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This appears on problem 1 of chapter 1 in Stein & Shakarchi's Real Analysis:

Given an irrational $x$, one can show (using the pigeon-hole principle, for example) that there are infinitely many fractions $p/q$, with relatively prime integers $p$ and $q$ such that $$\left|x-\frac{p}{q}\right|\leq\frac{1}{q^2}.$$ However, prove that the set of all $x\in\mathbb R$ such that there exist infinitely many fractions $p/q$, with relatively prime integers $p$ and $q$ such that $$\left|x-\frac{p}{q}\right|\leq\frac{1}{q^{3}} \text{ (or} \leq 1/q^{\epsilon+2})$$ is a set of measure zero.

The last part of the exercise is easy using the Borel-Cantelli theorem. However I have no idea why the first part is true.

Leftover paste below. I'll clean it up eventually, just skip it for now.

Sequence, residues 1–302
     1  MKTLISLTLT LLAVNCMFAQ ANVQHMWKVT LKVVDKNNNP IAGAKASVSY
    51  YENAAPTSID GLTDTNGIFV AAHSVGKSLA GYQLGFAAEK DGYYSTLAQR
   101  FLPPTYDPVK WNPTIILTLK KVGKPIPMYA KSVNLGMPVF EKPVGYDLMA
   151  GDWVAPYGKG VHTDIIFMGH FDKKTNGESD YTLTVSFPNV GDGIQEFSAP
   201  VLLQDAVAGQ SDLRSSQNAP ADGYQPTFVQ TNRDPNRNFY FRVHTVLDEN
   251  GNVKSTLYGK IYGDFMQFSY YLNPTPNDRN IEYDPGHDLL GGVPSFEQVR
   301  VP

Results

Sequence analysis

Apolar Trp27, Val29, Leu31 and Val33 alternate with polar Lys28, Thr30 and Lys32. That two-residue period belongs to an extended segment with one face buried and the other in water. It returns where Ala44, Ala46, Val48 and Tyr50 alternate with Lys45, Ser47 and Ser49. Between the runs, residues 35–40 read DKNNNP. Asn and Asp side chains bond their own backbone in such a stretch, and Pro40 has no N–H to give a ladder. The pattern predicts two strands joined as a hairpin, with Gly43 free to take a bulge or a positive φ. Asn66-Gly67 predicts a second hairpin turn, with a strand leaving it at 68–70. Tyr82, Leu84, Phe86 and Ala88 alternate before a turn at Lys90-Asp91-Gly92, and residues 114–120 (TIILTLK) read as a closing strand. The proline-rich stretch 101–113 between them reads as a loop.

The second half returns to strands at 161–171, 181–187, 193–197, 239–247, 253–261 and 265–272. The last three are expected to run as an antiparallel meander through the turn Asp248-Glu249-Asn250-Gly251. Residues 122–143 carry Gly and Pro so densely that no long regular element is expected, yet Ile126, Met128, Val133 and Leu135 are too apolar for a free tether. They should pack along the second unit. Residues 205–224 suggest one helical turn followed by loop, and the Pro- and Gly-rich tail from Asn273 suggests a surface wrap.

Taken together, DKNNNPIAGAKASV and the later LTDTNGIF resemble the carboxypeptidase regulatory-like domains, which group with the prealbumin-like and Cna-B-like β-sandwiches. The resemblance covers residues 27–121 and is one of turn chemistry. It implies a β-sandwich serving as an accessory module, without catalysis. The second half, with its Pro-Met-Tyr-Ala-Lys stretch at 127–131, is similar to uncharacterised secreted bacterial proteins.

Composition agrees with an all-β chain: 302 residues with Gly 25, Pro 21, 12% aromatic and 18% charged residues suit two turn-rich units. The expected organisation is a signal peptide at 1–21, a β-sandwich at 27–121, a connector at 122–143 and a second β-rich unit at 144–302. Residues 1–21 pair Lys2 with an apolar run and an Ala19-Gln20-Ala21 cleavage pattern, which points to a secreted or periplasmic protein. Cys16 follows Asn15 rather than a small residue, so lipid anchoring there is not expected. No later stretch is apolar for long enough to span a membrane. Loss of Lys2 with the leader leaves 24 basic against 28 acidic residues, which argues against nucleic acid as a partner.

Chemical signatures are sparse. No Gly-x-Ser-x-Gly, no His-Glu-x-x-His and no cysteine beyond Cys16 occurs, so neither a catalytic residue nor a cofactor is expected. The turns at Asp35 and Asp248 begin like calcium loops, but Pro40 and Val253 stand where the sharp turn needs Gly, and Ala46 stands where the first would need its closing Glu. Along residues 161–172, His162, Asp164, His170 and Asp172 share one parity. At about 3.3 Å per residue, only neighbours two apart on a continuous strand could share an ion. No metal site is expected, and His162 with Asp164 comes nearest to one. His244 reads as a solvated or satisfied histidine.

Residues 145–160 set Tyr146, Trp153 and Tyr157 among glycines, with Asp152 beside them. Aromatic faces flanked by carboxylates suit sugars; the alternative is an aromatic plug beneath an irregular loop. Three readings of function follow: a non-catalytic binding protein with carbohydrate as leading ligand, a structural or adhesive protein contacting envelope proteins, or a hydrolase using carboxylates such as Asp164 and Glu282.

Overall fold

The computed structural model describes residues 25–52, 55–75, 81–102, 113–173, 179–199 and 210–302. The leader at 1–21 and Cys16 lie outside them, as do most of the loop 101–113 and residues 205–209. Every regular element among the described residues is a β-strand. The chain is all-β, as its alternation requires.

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  • $\begingroup$ This answer shows that this is the case using a pigeon-hole argument. $\endgroup$ – robjohn Nov 9 '13 at 15:35
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This is one of Dirichlet's classic arguments. For real $x$, for each $m$ in the range $1\le m\le N+1$, choose $n=n_m$ so that $mx-n_m\in [0,1)$ is the fractional part of $mx$. The $N+1$ choices of $m$ produce $N+1$ numbers $mx-n$ in $[0,1)$. Dividing the interval into $N$ subintervals of length ${1\over N}$, by the pigeon-hole principle some subinterval contains both $mx-n$ and $m'x-n'$ for some $1\le m'<m\le N+1$. That is, $$ {1\over N} \;\ge\; |(mx-n)-(m'x-n')| \;=\; |(m-m')x-(n-n')| $$ so $1\le q=m-m' \le N$ and $p=n-n'$ give $|qx-p|<{1\over N}\le {1\over q}$. Multiply through by $1/q$.

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Meanwhile, the bound in your first part is achieved by all the convergents in the simple continued fraction for the irrational $x.$ See Theorem 5 at http://en.wikipedia.org/wiki/Continued_fraction#Some_useful_theorems

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